We are surrounded by images and imaging for which there is no discernible author – rather, the image seems to have been automated, pre-determined by some program or script. This project will be an experiment in seeing through such an automated eye.
For class Monday, devise a list of instructions for creating an “un-authored” image. Bring your list printed legibly, and a camera. We’ll spend the first part of class shooting as many images as we can based on people’s instructions, and then view them digitally to discuss where meaning is made in this mode of looking, and how an automated image can leave more or less room for interpretation.
Design your instructions with our computer lab as a starting point, and make them capable of being followed with a simple point and shoot camera. Your instructions can involve detailed technical directives (“Wait exactly 30 seconds before taking the shot”), randomizers (“Close your eyes and shoot”), linguistic instructions (“Walk to the corner of 4th and Peabody”), names (“Aim your camera at Zach’s left foot”).
They can be broad (“Pick a direction and walk a while”) or specific (“Point your camera north at 15 minutes after the hour.”)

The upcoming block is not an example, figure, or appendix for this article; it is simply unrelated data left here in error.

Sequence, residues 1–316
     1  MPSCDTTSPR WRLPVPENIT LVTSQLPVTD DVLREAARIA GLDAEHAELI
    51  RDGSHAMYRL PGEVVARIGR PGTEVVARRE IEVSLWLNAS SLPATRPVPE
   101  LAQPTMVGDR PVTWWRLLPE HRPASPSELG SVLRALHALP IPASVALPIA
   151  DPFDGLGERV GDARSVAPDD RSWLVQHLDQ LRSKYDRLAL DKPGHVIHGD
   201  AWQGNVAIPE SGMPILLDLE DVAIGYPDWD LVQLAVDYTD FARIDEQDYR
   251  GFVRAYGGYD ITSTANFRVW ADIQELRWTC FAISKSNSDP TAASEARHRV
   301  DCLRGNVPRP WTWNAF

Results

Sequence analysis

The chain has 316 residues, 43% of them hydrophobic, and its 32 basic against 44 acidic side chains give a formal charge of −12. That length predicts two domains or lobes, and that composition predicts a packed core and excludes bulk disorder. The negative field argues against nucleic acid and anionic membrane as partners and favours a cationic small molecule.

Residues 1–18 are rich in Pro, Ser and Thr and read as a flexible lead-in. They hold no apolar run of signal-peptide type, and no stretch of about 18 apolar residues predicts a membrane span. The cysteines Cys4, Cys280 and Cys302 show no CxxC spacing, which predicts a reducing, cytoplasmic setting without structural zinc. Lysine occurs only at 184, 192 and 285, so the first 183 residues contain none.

Your instructions should include directives about where the photographer should stand, perhaps when (“Wait for the traffic to clear”), but certainly should also direct the composition, the frame. Consider that you are still framing a subject even though you won’t be shooting the picture yourself, and give enough instructions to ensure clarity of purpose.
The actor in your script should have no confusion or questions. Your script should produce something like a reliable result, though also allowing for some variety or even accident.
Your end goal should be to create a script that generates an interesting meaningful image no matter who shoots it. Possibly a particular function might even be implied by your script/algorithm.
(We’ll approach this assignment a second time next week using only the computer, and not the camera.)